'Shooting Stars' Director Says LeBron James and Friends 'Huddled Around a Little Computer' to Watch His Biopic
Filmmaker Chris Robinson's new movie 'Shooting Stars,' starring Caleb McLaughlin, follows James and his childhood friends' high school basketball career
Despite making a movie based on LeBron James' life before the NBA, filmmaker Chris Robinson is still waiting to meet the basketball legend. But he's already got the Lakers star's approval, Robinson shared at a screening of the James biopic Shooting Stars.
As Robinson and the film's star Caleb McLaughlin took part in a Q&A following a screening of the movie in New York City on Wednesday, the director said that one of James' real-life friends portrayed in the movie, Willie McGee, recently told him that the NBA superstar has seen a rough cut of the film and "loved it."
"They got the rough cut on the computer and [McGee] said that all of the real Fab Five, LeBron, Anthony Davis and a couple other guys from the Lakers were all huddled around a little computer, watched the whole movie because LeBron couldn't cast it to his TV," Robinson told an audience Wednesday.
"He said that LeBron loved it. They loved it," the director added. "So when the real guys loved it, that was good enough for me."
Shooting Stars, adapted from the 2009 book of the same name written by James and journalist Buzz Bissinger, depicts James and his childhood friends' high school basketball career at St. Vincent-St. Mary High School in Akron, Ohio.
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21-year-old McLaughlin, best known for his role in the Netflix hit Stranger Things, portrays James' childhood friend Lil Dru Joyce III, while Avery S. Willis Jr. plays Willie McGee and Khalil Everage plays Sian Cotton. Real-life NBA prospects Scoot Henderson and Marquis "Mookie" Cook portray Romeo Travis and James, respectively, rounding out the high school basketball team's roster and the group's self-styled "Fab Four" nickname.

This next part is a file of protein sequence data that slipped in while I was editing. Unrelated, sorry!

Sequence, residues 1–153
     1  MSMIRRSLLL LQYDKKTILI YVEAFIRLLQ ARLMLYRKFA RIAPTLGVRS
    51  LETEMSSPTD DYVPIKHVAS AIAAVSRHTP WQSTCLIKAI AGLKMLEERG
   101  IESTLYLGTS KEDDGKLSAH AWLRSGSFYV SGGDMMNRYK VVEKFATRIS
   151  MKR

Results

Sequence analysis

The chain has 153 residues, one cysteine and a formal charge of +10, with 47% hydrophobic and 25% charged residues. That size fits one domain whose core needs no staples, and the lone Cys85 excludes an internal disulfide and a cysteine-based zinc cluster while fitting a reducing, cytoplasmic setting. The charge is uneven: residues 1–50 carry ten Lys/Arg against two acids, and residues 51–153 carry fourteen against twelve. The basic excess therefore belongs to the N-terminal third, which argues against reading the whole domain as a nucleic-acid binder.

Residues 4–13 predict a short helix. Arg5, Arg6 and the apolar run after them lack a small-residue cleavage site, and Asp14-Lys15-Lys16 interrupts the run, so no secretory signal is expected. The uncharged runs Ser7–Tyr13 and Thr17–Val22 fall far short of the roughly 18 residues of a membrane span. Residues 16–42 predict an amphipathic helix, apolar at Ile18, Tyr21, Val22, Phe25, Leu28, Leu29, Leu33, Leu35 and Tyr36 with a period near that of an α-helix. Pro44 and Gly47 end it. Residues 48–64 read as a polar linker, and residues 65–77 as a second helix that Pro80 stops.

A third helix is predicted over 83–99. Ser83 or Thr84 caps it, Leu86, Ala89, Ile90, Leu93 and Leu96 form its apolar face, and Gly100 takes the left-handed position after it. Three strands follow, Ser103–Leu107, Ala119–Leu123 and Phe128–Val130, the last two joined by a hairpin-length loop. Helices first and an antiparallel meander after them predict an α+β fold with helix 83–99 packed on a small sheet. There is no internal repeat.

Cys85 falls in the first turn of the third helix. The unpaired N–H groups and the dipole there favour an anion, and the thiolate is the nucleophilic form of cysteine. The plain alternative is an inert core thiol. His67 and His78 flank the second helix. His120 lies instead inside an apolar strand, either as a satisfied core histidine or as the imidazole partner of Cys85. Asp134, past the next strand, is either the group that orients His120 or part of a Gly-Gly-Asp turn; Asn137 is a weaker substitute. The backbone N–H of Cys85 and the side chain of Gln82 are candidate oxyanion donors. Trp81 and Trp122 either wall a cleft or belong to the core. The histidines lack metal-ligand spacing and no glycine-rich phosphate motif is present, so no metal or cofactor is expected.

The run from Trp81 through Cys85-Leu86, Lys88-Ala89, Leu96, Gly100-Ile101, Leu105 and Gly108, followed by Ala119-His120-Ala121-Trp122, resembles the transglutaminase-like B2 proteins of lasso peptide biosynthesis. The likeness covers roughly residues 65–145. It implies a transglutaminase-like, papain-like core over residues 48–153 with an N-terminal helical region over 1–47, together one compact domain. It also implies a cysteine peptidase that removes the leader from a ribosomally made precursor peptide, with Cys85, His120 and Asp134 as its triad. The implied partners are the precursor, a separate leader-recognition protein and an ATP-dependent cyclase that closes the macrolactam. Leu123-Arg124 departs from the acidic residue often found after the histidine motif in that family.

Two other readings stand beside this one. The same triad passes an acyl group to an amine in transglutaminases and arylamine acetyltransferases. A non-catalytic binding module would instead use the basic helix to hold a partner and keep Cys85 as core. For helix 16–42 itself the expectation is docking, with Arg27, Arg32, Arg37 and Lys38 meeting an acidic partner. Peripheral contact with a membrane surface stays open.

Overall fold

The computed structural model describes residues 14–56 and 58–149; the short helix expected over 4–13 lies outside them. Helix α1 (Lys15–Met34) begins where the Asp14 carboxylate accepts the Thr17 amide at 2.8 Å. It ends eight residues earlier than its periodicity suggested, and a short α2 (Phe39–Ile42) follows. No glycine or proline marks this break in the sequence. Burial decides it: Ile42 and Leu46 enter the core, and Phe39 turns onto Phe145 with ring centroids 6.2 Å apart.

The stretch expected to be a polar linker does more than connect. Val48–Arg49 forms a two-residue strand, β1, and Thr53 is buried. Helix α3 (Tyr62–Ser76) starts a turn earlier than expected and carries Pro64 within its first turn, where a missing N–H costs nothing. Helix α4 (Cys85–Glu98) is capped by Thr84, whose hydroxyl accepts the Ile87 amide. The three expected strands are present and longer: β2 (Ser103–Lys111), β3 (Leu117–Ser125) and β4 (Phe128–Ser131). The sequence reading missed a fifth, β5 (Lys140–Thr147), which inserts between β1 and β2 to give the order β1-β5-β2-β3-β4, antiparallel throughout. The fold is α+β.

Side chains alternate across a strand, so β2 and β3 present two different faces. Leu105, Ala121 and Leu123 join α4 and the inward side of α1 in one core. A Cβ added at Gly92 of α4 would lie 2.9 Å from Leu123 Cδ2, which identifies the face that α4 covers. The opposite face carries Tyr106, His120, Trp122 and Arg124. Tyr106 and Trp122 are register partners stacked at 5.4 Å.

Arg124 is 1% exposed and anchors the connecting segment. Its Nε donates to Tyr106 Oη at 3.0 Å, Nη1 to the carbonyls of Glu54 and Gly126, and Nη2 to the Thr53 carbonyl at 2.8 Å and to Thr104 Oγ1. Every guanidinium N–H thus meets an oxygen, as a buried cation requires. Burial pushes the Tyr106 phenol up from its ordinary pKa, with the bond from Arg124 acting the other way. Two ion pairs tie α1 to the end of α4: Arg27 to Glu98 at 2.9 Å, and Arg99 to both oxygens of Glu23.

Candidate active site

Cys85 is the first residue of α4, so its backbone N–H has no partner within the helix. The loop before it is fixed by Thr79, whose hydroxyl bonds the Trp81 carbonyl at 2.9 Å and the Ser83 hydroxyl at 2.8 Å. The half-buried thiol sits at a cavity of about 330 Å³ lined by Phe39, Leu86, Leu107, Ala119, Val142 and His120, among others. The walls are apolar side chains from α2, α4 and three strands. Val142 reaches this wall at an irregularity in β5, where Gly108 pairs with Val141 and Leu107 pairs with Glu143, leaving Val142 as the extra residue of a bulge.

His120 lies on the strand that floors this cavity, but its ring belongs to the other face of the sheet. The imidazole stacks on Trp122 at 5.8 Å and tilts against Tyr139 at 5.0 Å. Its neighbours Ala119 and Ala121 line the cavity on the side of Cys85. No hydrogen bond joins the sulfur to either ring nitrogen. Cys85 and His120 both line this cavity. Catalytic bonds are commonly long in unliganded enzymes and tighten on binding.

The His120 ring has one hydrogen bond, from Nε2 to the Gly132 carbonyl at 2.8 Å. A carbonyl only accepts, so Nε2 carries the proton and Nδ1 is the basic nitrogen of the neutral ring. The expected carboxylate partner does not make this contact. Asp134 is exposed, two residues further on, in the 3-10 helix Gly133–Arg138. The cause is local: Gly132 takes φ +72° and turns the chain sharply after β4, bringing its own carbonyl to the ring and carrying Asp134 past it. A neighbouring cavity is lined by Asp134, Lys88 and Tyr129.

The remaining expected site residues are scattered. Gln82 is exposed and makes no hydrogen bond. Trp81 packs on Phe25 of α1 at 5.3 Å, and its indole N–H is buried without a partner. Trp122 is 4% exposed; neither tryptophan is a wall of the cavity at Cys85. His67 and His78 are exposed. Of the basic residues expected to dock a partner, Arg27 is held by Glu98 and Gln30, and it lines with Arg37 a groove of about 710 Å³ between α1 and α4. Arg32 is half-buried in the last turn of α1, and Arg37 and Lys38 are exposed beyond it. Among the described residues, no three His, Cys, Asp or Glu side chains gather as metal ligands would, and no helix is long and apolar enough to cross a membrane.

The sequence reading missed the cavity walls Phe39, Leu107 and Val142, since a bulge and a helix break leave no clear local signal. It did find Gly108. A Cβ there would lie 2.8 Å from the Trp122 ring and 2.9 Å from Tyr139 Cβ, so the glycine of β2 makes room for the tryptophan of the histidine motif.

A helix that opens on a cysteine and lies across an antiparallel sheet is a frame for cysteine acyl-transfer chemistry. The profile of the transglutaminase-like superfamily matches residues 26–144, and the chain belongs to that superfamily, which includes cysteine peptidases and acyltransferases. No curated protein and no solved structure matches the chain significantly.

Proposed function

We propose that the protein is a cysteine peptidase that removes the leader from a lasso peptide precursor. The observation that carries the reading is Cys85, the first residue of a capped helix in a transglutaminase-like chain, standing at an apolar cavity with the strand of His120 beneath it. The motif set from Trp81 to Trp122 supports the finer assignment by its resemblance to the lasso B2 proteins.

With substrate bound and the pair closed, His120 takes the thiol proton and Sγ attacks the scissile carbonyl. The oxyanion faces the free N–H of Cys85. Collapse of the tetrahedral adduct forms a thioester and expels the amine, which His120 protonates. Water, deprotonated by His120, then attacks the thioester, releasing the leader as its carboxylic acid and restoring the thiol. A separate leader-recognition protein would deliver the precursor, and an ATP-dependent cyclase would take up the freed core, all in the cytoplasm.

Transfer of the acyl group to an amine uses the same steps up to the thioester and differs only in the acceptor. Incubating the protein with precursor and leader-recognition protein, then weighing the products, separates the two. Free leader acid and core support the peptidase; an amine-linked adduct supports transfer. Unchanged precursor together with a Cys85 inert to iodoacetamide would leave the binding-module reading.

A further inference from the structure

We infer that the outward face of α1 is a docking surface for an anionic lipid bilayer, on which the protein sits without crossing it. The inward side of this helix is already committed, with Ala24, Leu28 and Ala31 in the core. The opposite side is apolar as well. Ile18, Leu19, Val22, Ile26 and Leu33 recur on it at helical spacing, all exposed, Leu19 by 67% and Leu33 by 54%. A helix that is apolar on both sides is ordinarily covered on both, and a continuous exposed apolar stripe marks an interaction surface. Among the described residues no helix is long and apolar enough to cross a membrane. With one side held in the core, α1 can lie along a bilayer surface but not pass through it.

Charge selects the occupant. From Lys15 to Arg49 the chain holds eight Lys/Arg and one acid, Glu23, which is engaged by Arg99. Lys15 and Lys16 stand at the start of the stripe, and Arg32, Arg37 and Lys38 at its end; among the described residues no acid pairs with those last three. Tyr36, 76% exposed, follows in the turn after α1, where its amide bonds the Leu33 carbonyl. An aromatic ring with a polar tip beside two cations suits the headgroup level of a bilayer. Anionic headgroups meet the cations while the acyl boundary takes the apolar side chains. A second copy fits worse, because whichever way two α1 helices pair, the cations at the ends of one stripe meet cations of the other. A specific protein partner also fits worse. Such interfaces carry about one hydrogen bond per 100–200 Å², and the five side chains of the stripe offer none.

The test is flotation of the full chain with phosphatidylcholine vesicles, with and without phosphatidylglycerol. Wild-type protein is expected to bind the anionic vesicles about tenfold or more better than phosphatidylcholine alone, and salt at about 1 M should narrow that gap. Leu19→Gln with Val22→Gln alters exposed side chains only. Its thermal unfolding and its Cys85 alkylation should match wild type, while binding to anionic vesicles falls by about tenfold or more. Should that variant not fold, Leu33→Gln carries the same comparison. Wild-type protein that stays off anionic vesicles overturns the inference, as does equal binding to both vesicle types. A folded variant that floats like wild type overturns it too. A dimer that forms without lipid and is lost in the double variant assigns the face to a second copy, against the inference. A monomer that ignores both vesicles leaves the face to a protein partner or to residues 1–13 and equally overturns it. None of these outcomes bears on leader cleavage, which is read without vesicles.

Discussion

"Here's something interesting. I have not met LeBron. I have not met LeBron yet," Robinson said Wednesday, when asked what James thought of the film's portrayal of his high school years. "So at first I was like, 'Oh, I'm going to talk to him. I don't want to have this conversation.' "
"But the longer I didn't meet him, the more I said, 'Oh, maybe this is a gift,' " the director added. "Because I have my thought process of who he is. It's embedded in me."
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"I'm going to hopefully, eventually meet him," he added, noting that it was "great to not meet him because I didn't have anything that would make me change my thoughts on the story."
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While James became one of the greatest basketball players ever after winning three state championships in four years at St. Vincent-St. Mary's, the film also centers around the all-around skill of Cotton, Joyce III, McGee and Travis, who each went on to successful careers in athletics after high school and remain close friends.
"We all know LeBron's story to some degree, but we don't know little Dru's story," Robinson said Wednesday of McLaughlin's character Joyce III. In real life, Joyce III went on to become the University of Akron's all-time assists leader and played 12 seasons of professional basketball in Europe, per Cleveland.com.
"How is it to be the best friend of somebody who even your father is paying more attention to than you?" Robinson said of the film's focus on McLaughlin's character. "I think Caleb killed the role."
Shooting Stars begins streaming on Peacock June 2.
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